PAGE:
Stinging from the realization last week that a prolonged and costly effort to build a new YMCA in Forest Park couldn’t secure the backing of enough financial contributors, parties to the effort are slowly refocusing their sights.

At the West Cook YMCA in Oak Park, board members and administrators have programs to manage. In Forest Park, village officials are focused on collecting earnest money that was part of the failed deal, and at the Altenheim – the most immediate neighbor to the still vacant seven-acre parcel – the waiting game resumes.

“The YMCA is not the building,” Jan Pate, president of the local nonprofit said. “It’s the programming.”

Pate and members of her volunteer board are resolute that a new campus may still be possible – but it won’t be the $24 million campus that was negotiated with Forest Park and the Altenheim. It is too soon after the decision to kill that project for any definitive alternatives. However, Pate said the organization is open to discussing “any and all options” with the suburban communities served by the YMCA.

Not to be: This rendering of a planned YMCA in Forest Park is now just a reminder of what proponents were not able to produce.

On Sept. 29, the YMCA board voted 23-1 to scrap plans for an 80,000-square foot building in Forest Park that would have been constructed on land currently owned by the village. The decision was prompted by months of relatively fruitless fundraising. Approximately $3.4 million had been raised for the new building. The YMCA was scheduled to close on the vacant land in February, and would have had to begin construction 30 days later, according to a purchase agreement with the municipality.

The YMCA and the village reached a sales agreement on the land in November 2007. It wasn’t until January 2009 that a handful of related contracts were signed.

The decision brings a hollow conclusion to what was a five-year negotiation between the YMCA, the municipality and the Altenheim, a senior living facility that holds strict land-use covenants against the village’s property.

“We’ve spent, approximately, far more than $300,000 in attorney’s fees and land-planning fees that we have no way to recover from anybody,” Tim Herlehy, president of the Altenheim board of directors, said. “It’s going to hurt us tremendously, financially.”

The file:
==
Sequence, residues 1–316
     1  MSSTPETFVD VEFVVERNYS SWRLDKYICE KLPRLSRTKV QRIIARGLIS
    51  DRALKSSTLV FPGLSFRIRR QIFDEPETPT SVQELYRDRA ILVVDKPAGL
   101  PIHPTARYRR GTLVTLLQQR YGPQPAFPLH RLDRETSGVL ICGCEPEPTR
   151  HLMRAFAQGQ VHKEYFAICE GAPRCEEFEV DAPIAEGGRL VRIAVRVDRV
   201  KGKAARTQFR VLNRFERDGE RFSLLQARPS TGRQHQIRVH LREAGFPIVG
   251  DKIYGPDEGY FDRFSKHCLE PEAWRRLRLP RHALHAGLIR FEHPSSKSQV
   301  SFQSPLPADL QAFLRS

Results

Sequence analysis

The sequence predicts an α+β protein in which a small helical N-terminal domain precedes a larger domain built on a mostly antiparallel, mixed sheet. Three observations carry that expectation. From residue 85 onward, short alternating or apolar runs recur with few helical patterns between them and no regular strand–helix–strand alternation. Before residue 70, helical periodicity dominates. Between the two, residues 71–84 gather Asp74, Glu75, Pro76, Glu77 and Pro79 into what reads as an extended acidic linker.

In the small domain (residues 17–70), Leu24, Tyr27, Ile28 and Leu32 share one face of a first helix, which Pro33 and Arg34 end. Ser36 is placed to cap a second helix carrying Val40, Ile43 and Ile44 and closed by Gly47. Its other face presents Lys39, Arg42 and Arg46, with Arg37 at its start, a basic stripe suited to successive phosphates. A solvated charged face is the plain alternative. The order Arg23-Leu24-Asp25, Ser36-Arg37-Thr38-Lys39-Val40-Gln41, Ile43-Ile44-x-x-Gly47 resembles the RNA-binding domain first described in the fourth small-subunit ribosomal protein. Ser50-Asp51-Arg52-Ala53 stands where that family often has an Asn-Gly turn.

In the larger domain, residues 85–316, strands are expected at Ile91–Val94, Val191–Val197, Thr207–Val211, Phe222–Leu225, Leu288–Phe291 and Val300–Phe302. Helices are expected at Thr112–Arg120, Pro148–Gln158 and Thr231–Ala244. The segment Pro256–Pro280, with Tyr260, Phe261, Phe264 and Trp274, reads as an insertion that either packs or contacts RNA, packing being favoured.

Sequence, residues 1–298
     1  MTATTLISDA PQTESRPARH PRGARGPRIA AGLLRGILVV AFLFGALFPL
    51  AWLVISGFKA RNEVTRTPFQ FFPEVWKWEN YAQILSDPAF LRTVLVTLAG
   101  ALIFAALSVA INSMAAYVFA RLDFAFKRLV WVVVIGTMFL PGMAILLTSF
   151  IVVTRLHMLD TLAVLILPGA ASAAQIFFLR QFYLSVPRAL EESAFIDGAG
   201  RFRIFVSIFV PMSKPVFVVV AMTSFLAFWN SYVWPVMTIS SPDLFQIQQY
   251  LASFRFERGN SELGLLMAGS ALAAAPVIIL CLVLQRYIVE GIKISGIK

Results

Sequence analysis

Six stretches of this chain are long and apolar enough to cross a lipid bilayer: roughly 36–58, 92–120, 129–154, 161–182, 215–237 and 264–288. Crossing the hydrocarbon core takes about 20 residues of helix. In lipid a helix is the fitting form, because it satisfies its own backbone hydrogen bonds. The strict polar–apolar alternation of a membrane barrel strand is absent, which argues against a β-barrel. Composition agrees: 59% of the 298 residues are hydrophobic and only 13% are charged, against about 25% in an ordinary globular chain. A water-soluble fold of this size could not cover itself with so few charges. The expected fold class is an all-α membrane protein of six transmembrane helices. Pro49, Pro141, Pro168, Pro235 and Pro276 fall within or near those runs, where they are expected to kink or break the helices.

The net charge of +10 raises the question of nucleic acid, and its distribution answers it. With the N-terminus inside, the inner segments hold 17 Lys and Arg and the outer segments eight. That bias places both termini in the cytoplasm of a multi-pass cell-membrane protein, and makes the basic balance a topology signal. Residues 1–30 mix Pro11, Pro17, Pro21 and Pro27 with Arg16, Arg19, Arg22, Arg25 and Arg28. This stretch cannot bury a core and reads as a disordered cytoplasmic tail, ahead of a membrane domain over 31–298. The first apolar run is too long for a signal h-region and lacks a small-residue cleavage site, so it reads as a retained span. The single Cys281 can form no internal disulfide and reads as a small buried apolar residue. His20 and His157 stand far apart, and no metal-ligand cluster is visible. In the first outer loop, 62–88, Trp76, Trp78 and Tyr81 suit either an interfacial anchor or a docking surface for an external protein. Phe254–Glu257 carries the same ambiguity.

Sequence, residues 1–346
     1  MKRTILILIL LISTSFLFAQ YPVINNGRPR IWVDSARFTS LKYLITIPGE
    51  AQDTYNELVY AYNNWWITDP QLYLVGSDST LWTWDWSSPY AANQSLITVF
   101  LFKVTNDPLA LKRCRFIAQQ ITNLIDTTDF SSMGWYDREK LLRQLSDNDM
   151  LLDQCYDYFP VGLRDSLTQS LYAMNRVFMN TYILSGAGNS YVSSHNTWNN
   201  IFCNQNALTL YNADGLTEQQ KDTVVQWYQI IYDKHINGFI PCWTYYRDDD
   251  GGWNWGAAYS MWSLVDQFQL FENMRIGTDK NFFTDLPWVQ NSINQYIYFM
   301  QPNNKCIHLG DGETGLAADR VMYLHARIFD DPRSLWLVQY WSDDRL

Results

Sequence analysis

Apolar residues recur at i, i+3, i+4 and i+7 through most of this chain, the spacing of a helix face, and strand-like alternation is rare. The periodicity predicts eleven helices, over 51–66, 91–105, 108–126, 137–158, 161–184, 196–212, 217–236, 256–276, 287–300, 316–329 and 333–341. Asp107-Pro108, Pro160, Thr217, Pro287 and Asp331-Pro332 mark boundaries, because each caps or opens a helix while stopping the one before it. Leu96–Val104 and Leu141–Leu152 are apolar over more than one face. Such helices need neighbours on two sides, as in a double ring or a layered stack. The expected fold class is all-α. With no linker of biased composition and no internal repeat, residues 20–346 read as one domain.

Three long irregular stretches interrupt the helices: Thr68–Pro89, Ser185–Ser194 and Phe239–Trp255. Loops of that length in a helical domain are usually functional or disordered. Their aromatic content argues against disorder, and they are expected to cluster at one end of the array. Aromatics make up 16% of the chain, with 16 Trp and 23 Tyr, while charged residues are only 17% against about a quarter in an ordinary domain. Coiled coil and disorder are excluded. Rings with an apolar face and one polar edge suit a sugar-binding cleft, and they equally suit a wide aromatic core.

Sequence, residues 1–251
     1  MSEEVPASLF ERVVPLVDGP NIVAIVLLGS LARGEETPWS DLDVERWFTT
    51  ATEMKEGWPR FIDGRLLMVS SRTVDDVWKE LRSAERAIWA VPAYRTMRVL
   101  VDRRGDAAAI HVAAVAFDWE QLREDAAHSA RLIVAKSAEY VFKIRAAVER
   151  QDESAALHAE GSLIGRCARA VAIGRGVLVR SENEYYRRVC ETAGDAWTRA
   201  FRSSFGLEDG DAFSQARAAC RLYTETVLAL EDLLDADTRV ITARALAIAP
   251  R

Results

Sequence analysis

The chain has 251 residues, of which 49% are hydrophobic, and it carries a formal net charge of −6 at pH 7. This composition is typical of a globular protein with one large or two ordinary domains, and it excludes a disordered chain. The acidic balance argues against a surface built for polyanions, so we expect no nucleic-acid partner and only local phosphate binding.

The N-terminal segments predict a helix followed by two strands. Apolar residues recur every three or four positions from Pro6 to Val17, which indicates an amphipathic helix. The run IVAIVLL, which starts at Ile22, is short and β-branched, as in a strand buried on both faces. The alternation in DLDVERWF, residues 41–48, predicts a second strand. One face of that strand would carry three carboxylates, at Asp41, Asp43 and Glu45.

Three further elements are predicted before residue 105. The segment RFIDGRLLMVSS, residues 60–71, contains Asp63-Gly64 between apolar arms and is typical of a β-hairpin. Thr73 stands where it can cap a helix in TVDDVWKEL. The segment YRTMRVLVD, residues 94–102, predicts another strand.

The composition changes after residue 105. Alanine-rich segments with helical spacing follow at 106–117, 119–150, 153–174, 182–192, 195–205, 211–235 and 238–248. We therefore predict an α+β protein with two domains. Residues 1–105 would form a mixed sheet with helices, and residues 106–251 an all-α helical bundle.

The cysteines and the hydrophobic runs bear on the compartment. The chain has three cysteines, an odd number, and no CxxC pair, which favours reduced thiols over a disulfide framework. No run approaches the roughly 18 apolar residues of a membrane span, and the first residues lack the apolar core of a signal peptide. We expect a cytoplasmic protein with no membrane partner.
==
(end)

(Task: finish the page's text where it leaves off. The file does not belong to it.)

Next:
Village Administrator Tim Gillian did not speculate on the costs of the lengthy negotiation with the YMCA, but said that for the village there is some good news. An earnest payment of $175,000 should be retained by the municipality. In addition, the YMCA made close to a year’s worth of monthly payments of approximately $14,500 into an escrow account to cover the village’s holding costs on the land. Forest Park’s attorneys have been asked to begin working to secure those funds, said Gillian.

Pate did not dispute that money belongs to the village.

“We’ll be in compliance with that,” Pate said of the account.

Several years ago, while Gillian was serving as a member of the council, the YMCA first broached the subject of purchasing the municipality’s land for a new recreation facility. Ironically, one of the first phone calls Gillian said he received after being hired Sept. 15 as the village administrator was from Pate. He knew she had already been speaking with the elected officials about the contractual deadlines.

Two weeks later he and Mayor Anthony Calderone got the final word from Pate following her board’s vote.

“Bottom line, they just said they are having a hard time raising the funds and don’t see any light at the end of the tunnel,” Gillian said.

Geri McLauchlan, chairwoman of the YMCA board, said one of the organization’s immediate goals is to expand the reach of its offerings through new partnerships. In particular, the YMCA would like to find different agencies to serve as hosts. Conversations with churches, schools and hospitals have already begun, but no partnerships have been solidified.

In that vein, Pate confirmed she intends to meet with Larry Piekarz, executive director of the Park District of Forest Park, on Oct. 9. It would be the first meeting between the two since Pate was hired June 30. Both Piekarz and Pate said the vacant Roos property – immediately east of the park – could be a topic of conversation. Piekarz is in the midst of preparing for a February referendum vote that could lead to the district acquiring the property.

As part of the fundraising effort for the failed YMCA project, the organization had hoped to sell its 55-year-old building at the corner of Marion and Randolph. The property, said Pate, is not under contract and will continue to serve as the home of the YMCA for the foreseeable future.